Throughout Roman history, the territory was expanded by land much more often than by sea. The Empire used a network of roads to move materials, armies, and colonists across Europe, going by ship only when necessary.
In fact, some historians see Rome as a culture with a distinct dislike of the sea. While some shipping was necessary to move goods from places like Egypt, the Romans often expressed disdain for travel by ship and used foreign crews more often than Roman ones.
Most Romans, therefore, placed less emphasis on their sea god. Land routes connected most of the Empire, so few Roman citizens had the same need to rely on ships as the Greeks had.
In a culture in which most people never had to travel by sea, and many never even saw it, the god of the sea was not particularly important in daily life even if he was a prominent member of the pantheon.
As one of the major gods of the state religion, Neptune was never entirely neglected in Roman religious life.
He was given sacrifices of bulls at his temple in Rome. Built near the Circus Flaminius racetrack, in honored Neptune as the god of horses and their role in Rome’s military.
His main festival, however, points more toward his ancient Italian origins than his role in later Roman culture.
The Neptunalia was held on July 23rd. Many ancient sources suggested that it was a two-day festival ending just as Furrinalia, a festival to the goddess of fresh water wells and springs, began.
Neptunalia was described as a time of merriment and revelry.
Few details survive, but one description of the festival said that worshippers built huts out of branches and camped in the forests just outside of Rome. They spent Neptunalia drinking wine and fresh spring water in the shade of the branches.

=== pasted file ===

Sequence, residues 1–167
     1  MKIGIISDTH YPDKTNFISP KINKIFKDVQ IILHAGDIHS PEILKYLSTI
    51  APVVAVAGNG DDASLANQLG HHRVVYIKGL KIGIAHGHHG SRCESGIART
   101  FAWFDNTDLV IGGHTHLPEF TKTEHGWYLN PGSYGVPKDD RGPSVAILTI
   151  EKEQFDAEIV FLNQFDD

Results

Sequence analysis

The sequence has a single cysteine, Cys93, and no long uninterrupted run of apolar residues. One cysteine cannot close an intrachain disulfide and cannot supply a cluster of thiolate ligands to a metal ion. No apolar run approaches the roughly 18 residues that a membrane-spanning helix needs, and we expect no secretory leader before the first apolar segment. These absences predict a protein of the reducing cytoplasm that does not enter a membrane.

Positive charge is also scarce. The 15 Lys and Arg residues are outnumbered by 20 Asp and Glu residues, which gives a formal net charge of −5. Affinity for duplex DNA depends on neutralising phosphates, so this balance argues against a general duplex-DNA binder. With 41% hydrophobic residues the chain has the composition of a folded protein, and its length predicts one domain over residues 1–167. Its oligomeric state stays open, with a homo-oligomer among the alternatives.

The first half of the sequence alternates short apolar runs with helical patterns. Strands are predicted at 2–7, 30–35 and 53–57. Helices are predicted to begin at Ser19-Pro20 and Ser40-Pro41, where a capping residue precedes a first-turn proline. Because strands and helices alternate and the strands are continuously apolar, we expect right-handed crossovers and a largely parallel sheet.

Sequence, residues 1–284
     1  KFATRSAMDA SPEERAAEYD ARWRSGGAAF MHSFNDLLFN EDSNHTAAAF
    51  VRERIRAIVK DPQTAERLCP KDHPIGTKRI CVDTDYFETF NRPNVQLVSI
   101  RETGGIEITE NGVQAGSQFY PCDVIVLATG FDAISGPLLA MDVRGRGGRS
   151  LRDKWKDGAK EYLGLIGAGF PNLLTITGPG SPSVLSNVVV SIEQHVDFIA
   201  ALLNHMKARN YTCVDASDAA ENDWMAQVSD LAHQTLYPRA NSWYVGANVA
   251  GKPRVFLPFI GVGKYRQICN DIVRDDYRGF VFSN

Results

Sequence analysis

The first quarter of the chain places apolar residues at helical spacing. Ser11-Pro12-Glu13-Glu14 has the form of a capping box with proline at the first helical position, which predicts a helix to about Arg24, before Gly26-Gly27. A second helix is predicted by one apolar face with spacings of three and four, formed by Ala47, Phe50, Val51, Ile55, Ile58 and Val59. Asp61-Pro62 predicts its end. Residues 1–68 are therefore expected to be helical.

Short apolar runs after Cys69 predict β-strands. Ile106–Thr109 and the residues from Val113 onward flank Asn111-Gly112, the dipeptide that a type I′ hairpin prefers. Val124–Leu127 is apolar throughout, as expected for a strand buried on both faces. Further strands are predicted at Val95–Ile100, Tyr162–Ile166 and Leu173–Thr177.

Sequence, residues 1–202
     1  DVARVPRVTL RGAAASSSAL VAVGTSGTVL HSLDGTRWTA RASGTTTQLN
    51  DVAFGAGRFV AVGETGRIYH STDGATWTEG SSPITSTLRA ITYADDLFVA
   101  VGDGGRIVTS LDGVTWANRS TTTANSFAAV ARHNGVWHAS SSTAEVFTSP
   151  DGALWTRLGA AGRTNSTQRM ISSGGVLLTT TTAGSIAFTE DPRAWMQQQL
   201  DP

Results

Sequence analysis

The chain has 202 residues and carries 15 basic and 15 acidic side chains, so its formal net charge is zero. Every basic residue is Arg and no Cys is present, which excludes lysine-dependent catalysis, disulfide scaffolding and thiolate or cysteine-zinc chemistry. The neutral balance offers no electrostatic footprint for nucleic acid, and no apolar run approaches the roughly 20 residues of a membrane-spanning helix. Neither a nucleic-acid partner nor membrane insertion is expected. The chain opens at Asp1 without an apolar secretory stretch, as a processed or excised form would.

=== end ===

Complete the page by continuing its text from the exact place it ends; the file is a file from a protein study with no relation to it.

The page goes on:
Although descriptions of Neptunalia are sparse, they hint at older celebrations of Neptune as a god of rain and water.
The festival was held in the middle of summer, typically a hot and dry season in Italy. At this time of year, the god of water was most important.
Along with the Furrinalia, the midsummer festival both thanked the god for the cool water he provided and prayed for him to send more. When water supplies dwindled in the heat of summer, Neptune’s clouds and rain were truly miraculous.
The camp-like nature of the festival was also a practical way to escape summer’s heat for a brief period. Drinking cool water in the forest was a respite from the heat of the city itself.
Some historians believe that Neptunalia evolved to honor Rome’s mastery of water as well. Unlike earlier cultures, who had relied on rainfall to feed their water sources, the Romans of later eras built sophisticated aqueducts to deliver water to their citizens year-round.
Even with this advanced infrastructure, however, July in Rome was a time of heat and drought. Prayers to Neptune were not only necessary to bring more cool water to the city and farmland, but also to break the oppressive heat of summer in the city.
While Neptune took on many of Poseidon’s myths and attributes, he remained a distinctly Roman god.
The Greeks had called Poseidon the god of the sea and he had little connection to fresh water. Rivers, wells, and springs belonged to other gods.
Neptune, however, had originated in an Italian tradition of water gods. With less connection to the sea, their god had been one of fresh water.
As a god of water and, possibly, clouds, Neptune had been seen as a fertility god. This was still apparent in Rome, where he was paired with goddesses who were associated with fertility and sexuality.
These ancient beliefs were seen in Neptune’s worship even after he became primarily associated with the sea. His festival in Rome, the Neptunalia, was held to pray for cool rain during the heat and droughts of summer.
Despite these roles, however, Neptune was less important to most Romans than he had been to the Greeks. He shared many of his traditional roles with both Italian gods and those adopted from other conquered peoples.
Most importantly, the civilization of Rome was never as closely linked to the sea as the Greeks had been. While Greek culture revolved around the Mediterranean, Romans traveled and traded by land much more, even going so far as to avoid sea travel whenever possible.
Because of this, Neptune was never as prominent in Roman life as he was in Greece. As one of the twelve major deities of Olympus, however, he was still a god who commanded respect throughout the Roman world.